At the start of the year there were two properties for sale bordering the Maine Public Reserve that we were very concerned about. One, the peak of Spraque Falls Mountain had been targeted for a cell phone tower, which would have spoiled the wilderness aesthetic of Downing Bog and much of the Eco-reserve. A new friend of Tunk purchased the property to protect it from development and keep it open to the public. Later in the year we opened a short steep hiking trail to the top of the mountain. The view from the peak is one of the best in the area, taking in all of Washington County and the public lands. The other was the Knapp property near the end of the Spraque Falls road. This piece of land includes frontage on the West Branch of the Narraguagus River and is the trailhead for the West Branch tote road. This old woods road goes upstream along the river for miles and has been used by hunters and fisherman for generations. ATV’s and hikers now use it as well. The Knapp property has been donated the Downeast Rivers Land Trust, the land trust arm of the Downeast Salmon Federation, and will be protected with a conservation easement. The next property along the West Branch tote road, the Goldwater lot had been donated to DRLT last year and will also be protected by an easement. This summer The Nature Conservancy announced that they have an agreement with H C Haynes to buy 10000 acres from him in the northern part of township 10 at the end of 2005. The West Branch tote road runs into this area where it joins I.P.s huge ATV trail system. In 1999, I documented a series of non-point source pollution site along the West Branch tote road. We hope that with the trailhead and the destination protected it will be easier to raise the money to stop the erosion and restore the trail. FoT is a member of the DSF and I am now the chair of DRLT so we will be actively involved in this project.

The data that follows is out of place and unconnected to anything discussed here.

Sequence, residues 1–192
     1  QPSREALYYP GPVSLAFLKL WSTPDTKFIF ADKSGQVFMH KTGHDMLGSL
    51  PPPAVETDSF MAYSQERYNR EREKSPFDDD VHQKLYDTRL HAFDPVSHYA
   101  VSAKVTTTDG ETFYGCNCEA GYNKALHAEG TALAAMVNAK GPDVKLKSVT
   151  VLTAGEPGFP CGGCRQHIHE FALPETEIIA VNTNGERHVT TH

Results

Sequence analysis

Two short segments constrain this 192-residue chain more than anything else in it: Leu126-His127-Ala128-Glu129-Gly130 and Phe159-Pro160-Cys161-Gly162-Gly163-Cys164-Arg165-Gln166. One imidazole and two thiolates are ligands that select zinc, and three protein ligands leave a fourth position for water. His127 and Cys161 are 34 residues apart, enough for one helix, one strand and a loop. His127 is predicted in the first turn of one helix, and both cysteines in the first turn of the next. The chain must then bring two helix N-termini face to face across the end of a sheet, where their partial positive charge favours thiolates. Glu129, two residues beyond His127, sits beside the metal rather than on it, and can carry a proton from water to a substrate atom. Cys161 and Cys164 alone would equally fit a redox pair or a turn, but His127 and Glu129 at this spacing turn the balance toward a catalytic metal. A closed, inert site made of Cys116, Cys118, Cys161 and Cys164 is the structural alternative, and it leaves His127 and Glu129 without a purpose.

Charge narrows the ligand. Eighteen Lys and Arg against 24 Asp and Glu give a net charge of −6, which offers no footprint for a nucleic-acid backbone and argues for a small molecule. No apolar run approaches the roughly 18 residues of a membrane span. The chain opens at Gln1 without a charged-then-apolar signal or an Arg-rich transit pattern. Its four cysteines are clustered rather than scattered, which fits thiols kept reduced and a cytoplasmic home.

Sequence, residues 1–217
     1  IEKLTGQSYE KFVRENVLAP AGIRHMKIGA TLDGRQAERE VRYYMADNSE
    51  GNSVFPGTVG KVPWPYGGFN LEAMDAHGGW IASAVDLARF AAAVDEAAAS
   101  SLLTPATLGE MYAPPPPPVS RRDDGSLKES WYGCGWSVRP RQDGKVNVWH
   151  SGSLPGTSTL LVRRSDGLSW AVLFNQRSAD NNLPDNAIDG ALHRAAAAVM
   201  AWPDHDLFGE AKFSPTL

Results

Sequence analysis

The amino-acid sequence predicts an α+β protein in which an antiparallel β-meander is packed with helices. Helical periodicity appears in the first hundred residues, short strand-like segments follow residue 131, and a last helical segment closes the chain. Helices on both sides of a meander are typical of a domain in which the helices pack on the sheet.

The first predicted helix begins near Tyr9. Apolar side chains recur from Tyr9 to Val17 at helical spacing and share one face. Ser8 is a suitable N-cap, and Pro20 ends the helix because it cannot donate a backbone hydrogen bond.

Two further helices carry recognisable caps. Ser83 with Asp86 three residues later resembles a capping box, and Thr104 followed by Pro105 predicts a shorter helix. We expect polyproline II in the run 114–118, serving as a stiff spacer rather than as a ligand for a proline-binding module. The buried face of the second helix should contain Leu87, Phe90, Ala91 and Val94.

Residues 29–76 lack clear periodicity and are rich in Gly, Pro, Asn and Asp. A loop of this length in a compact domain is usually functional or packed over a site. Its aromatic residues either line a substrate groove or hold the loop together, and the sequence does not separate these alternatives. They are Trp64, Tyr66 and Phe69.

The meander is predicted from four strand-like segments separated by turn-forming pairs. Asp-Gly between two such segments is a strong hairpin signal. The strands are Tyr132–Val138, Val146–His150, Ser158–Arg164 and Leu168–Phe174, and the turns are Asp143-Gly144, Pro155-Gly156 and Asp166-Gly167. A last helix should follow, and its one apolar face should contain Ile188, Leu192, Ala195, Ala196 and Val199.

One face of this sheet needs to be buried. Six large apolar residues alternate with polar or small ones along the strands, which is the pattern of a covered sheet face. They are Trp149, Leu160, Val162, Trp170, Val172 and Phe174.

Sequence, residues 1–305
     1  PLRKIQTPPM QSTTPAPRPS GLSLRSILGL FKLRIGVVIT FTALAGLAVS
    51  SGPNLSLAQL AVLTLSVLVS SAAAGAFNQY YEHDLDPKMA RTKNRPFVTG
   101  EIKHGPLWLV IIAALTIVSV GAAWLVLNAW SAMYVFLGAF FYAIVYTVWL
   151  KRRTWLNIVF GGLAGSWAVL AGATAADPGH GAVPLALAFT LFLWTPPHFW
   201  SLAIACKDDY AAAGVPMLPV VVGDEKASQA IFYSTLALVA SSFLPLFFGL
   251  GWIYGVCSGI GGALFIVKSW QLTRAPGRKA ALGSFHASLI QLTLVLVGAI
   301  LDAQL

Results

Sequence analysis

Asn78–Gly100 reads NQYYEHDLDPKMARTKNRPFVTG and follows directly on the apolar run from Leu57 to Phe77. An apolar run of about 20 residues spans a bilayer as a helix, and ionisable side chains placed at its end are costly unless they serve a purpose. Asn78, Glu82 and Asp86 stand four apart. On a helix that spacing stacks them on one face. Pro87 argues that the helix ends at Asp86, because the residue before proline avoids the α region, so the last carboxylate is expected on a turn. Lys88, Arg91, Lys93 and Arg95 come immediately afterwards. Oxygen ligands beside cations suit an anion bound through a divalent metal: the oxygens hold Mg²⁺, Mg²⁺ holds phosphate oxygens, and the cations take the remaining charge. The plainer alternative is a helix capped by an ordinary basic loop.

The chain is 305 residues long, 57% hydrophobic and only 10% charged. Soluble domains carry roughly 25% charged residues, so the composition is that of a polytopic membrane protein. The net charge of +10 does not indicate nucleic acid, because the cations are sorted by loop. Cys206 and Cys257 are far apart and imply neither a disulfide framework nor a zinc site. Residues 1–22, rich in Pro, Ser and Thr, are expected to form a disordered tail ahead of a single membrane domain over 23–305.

In May, I created a database of the 70 NPS sites documented in 2002. I put away several small sites with just hay, lime, and grass seed. A few others have largely healed themselves. A 60-foot piece of silt fence was installed across the Unionville blueberry field sandpit. The Henderson Logging subdivision has been worked on but is still putting mud in the river during heavy rains. There is no progress to report on the Steuben ballpark site. The sites in the Public Reserve Lands have been reported to the Bureau of Parks and Lands for inclusion in the management plan. I have shown DOT the 10 sites along Rt. 182 and they are working to stabilize them. Follow up on the rest is on going. There are many places where there is only a thin strip of vegetation between the road and the water. Because road runoff is loaded with sand, salt, and car exhaust the plant life suffers and cannot prevent erosion. These areas are prime candidates for liming. A soil enhancement facility will be needed to stockpile erosion control materials to take on the remaining sites.